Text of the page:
Language Environments and Spoken Language Development of Children With Hearing Loss


For Permissions, please email: journals.permissions@oup.com. This study examined the relationships between adult language input and child language production in regard to the quantity and diversity of spoken language, as well as children's knowledge of basic concepts and vocabulary. The quantity and diversity of language provided by teachers and parents were related to children's language output and knowledge. Language ENvironment Analysis technology audio-recorded the language environments of 26 preschool children with hearing loss over 2 days. The language samples were analyzed for quantity (adult word count, child vocalization count, and conversational turn count) and diversity (lexical diversity, syntactical complexity, and clausal complexity) of language. Results indicated a relationship between adult language input and child language production, but only in regard to the quantity of language. Significant differences between the teachers and parents were reported in regard to the diversity of adult language input. These results suggest that the language input provided by adults across environments (school versus home) is considerably different and warrants further investigation.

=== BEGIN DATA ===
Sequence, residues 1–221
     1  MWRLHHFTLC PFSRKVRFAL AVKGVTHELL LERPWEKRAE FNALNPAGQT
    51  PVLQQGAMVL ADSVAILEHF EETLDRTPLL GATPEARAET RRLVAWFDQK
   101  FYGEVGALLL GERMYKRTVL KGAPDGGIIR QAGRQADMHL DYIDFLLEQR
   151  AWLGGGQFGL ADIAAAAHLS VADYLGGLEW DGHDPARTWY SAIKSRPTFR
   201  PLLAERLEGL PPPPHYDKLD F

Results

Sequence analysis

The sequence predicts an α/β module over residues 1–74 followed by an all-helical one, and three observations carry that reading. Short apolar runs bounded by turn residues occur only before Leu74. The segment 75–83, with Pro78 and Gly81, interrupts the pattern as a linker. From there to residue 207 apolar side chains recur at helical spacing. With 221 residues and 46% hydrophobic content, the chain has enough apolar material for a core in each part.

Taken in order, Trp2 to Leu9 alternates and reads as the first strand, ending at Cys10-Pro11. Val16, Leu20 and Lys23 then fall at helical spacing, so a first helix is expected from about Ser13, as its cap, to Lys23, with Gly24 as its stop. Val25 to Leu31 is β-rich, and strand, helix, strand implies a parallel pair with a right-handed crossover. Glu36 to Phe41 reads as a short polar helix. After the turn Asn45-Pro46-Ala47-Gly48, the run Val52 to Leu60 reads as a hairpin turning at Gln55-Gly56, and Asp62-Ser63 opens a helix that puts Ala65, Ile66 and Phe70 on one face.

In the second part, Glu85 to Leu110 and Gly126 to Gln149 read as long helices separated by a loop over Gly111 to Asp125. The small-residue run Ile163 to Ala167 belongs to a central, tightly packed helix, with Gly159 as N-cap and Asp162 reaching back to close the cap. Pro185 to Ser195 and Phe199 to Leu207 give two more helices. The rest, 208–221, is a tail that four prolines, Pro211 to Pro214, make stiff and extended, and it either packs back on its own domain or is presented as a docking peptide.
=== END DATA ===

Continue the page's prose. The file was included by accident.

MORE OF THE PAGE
Communication Sciences and Disorders

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Journal of deaf studies and deaf education